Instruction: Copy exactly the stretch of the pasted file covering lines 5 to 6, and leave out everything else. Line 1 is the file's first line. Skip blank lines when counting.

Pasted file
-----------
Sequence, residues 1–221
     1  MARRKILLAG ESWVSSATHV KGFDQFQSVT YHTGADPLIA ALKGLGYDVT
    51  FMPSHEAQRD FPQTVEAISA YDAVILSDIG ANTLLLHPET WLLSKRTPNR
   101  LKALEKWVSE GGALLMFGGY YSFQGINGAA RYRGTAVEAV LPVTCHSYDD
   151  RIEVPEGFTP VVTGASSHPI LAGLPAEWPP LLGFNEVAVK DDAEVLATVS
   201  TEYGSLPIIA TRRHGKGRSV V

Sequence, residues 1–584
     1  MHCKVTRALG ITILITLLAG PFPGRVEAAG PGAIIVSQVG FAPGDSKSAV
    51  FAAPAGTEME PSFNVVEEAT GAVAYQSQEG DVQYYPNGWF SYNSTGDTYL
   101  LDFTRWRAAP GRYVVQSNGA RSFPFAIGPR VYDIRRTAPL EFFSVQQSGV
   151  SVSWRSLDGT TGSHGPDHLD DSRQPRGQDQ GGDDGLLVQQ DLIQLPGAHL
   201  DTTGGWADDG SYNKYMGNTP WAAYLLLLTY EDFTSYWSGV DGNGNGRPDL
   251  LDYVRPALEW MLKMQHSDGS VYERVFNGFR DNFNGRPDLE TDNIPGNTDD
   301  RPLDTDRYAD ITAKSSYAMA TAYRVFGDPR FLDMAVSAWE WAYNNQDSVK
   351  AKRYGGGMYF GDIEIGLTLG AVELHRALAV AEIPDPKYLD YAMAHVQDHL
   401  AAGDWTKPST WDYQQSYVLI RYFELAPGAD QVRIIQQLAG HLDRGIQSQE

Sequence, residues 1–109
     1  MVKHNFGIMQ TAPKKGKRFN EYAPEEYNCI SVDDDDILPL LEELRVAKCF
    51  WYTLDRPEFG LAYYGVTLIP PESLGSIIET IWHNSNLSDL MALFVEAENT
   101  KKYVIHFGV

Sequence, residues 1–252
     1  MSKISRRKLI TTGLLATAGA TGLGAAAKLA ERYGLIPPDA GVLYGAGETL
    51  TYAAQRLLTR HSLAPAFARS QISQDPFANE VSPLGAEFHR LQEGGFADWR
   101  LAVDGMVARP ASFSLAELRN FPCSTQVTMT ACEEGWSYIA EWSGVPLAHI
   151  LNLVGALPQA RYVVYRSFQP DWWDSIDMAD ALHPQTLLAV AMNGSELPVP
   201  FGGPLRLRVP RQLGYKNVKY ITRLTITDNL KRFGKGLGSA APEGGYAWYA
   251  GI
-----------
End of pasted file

   151  RIEVPEGFTP VVTGASSHPI LAGLPAEWPP LLGFNEVAVK DDAEVLATVS
   201  TEYGSLPIIA TRRHGKGRSV V